Push to legalize crowdfunding gains political steam in New Brunswick: Crowdfunding advocates aim to get provincial legislation introduced by this fall: By: Christine Wong, IT Business
July 4, 2012

The move to legalize equity crowdfunding in Canada is gaining steam in New Brunswick, with a push on to introduce some form of legislation in that province by this fall.

Fredericton-based entrepreneur Gary Stairs has met twice with New Brunswick premier David Alward in the past five weeks – including yesterday – to lobby for legalization through the introduction of a new securities law or an amendment to existing ones within the next few months.

“(Premier Alward) has assigned a couple of deputy ministers in his office” to look at the crowdfunding legalization issue, said Stairs, chair of i-ATLANTIC, the east coast branch of i-CANADA, a national group in Ottawa that promotes Canada as a global digital leader.

Stairs revealed the ground being made in New Brunswick during a webinar on crowdfunding legalization held Friday by i-CANADA, the Canadian Advanced Technology Alliance (CATA) and IT World Canada, which is the owner of IT Business.ca.



Alward has also invited British Columbia premier Christy Clark to get her province involved in the crowdfunding legalization issue, Stairs said.

“We're aggressively collaborating with our colleagues in B.C.,” Stairs said in reference to i-CANADA and CATA members lobbying for crowdfunding changes on the west coast.

Although many legislative and bureaucratic hurdles would still have to be surmounted to get laws passed or amended in New Brunswick, Stairs indicated the support of the premier at least carries substantial political weight to get the ball rolling.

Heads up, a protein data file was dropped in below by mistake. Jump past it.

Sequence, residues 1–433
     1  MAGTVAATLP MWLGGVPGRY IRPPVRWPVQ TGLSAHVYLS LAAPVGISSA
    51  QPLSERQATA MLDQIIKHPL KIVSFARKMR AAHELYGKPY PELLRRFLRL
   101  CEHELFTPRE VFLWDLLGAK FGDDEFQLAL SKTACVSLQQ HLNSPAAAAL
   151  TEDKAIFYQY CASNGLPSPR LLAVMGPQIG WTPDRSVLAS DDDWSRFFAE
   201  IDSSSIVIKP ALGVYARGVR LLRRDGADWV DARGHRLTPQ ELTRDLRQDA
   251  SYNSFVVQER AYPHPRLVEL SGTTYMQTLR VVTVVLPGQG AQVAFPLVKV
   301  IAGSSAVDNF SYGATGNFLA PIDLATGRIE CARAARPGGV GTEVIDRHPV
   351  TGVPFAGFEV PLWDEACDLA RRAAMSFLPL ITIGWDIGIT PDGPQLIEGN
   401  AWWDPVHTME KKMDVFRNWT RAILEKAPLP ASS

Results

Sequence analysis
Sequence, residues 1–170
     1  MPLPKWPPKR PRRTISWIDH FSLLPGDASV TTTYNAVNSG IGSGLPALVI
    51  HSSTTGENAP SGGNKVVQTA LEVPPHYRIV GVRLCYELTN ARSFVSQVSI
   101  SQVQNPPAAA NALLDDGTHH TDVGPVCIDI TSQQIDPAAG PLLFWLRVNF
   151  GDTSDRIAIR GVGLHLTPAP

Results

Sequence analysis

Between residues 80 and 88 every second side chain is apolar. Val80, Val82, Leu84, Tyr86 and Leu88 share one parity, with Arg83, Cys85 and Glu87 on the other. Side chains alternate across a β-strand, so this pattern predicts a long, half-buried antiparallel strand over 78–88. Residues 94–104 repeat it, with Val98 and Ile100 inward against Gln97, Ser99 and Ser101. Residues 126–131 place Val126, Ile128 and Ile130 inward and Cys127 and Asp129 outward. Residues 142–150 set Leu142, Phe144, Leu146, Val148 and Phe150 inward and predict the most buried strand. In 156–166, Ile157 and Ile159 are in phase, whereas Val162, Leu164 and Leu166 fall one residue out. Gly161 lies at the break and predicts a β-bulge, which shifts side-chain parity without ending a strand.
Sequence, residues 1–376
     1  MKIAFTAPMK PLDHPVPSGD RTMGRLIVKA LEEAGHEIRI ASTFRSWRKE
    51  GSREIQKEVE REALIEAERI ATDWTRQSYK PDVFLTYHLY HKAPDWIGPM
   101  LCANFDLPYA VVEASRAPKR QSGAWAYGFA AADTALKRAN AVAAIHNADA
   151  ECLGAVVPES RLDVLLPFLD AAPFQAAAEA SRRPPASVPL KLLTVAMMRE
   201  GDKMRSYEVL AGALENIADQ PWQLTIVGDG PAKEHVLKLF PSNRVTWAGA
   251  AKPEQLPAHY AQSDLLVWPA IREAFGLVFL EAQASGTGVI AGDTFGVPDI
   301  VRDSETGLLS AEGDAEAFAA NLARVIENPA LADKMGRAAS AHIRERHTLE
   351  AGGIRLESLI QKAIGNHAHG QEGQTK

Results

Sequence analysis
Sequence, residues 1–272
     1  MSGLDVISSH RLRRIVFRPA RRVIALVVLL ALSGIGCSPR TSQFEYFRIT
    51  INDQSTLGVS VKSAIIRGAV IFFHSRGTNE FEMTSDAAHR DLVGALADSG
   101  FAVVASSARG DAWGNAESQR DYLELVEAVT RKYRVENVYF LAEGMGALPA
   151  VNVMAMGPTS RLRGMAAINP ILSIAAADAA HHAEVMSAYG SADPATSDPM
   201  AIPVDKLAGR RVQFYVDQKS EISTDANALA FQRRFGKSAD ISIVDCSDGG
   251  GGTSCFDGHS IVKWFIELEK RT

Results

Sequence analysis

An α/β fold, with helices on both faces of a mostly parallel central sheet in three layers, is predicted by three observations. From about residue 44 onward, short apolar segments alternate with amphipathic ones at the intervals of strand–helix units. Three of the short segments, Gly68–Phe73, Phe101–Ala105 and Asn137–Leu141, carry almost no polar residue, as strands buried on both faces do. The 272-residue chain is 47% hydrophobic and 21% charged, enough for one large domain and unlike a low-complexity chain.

Andrea Johnson, a partner at the Ottawa law firm Fraser Milner Casgrain who is heading up the legal aspect of the crowdfunding lobbying efforts at CATA and i-CANADA, has also met with Ontario Securities Commission (OSC) officials to assess their support level for the cause.

“I thought it was a very productive meeting. The OSC is responsible for enforcing securities legislation in Ontario but ultimately it's the provincial legislature in Ontario that's responsible for the type of legislative change needed to make crowdfunding (legal) in Ontario,”Johnson told IT Business.ca in an interview earlier this month.

Fears startups will fly south
“Politicians do ask for guidance from regulators on how laws should be drafted and what's really manageable,” Johnson said during that interview. “So I do think it's important for the securities regulators to be informed and for political leaders to make sure they're relying on the securities regulators to be informed.”

An online petition launched just over a week ago by CATA and i-CANADA to drum up support for crowdfunding legalization has resulted in“hundreds” of signatures so far, CATA president and CEO John Reid told the webinar. CATA and i-CANADA have joined forces with various organizations, companies and academic institutions to form an umbrella group called Invest Crowdfund Canada (ICC).

CATA also sent an open letter to industry minister Christian Paradis calling for federal support on the issue.

Crowdfunding involves raising money over social media channels. The U.S. government recently legalized equity or investment crowdfunding, which allows companies -- especially startups-- to solicit equity investment in their firms using social networking sites. In Canada, the only form of crowdfunding that's legal involves charitable causes or non-equity donations where givers can contribute money but not in exchange for profits or an ownership stake in a company.

Now that crowdfunding is legal in the U.S., groups such as CATA fear Canadian startups will fall behind their American counterpartsin accessing capital or simply move south of the border to tap into equity crowdfunding platforms there. Legalizing crowdfunding in Canada requires laws to be amended in each province because securities law falls under the jurisdiction of the provinces, not Ottawa. .